Grasping the railing of a stopped treadmill in the basement of Fitzpatrick Hall of Engineering, Laura Light broke into an electric smile as she used an experimental foot-and-ankle prosthesis to stand on her tiptoes.
Patrick Wensing, an assistant professor of aerospace and mechanical engineering who specializes in robots and motorized prosthetics, gave a thumbs-up to his two doctoral degree students. David Kelly focused on Light’s balance and safety, while Ryan Posh watched the data his computer received from several electric sensors attached to the muscles of Light’s residual left calf.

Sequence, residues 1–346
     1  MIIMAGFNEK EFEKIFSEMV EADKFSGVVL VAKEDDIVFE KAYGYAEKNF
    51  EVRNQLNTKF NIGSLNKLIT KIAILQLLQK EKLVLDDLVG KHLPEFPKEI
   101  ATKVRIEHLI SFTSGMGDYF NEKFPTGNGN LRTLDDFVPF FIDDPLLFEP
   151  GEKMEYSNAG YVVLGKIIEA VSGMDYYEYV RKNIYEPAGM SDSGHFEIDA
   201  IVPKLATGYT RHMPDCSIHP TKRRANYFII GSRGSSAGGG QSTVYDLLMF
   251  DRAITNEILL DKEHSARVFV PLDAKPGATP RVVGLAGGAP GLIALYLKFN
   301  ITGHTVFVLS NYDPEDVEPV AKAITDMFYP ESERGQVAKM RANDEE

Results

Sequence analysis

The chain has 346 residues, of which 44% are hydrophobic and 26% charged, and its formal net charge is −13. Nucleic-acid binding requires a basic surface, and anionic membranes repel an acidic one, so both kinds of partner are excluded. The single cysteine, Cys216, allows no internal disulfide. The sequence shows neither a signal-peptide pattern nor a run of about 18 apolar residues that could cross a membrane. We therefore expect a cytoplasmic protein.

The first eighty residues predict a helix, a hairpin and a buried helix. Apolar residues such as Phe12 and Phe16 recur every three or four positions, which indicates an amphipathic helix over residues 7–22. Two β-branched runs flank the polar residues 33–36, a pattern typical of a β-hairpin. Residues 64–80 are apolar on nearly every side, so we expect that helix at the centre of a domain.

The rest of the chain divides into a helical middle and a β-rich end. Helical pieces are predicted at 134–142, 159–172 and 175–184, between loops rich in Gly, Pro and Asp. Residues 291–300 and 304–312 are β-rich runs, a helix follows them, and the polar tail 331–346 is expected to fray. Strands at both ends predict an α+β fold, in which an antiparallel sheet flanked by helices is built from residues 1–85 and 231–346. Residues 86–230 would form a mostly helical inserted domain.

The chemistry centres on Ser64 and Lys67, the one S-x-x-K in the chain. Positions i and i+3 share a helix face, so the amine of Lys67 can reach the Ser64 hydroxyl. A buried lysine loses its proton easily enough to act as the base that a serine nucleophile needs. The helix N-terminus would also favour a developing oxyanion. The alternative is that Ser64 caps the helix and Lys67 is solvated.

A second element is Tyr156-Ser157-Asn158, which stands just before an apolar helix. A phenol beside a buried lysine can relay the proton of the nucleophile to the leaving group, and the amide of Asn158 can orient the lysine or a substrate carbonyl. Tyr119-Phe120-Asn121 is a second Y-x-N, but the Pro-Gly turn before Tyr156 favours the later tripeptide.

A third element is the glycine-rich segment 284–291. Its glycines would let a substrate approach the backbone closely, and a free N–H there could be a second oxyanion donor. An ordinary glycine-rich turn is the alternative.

The sensors read electrical twitch signals from Light’s muscles, allowing her to fully control for the first time the forward roll of a motorized ankle device — and to ultimately stand on her toes.
“I feel like a little kid,” said Light, 28. “That was amazing, because I have not been able to do that ever — since my foot was amputated as a little child. That was a really cool experience, something I always wanted to do as a kid.”
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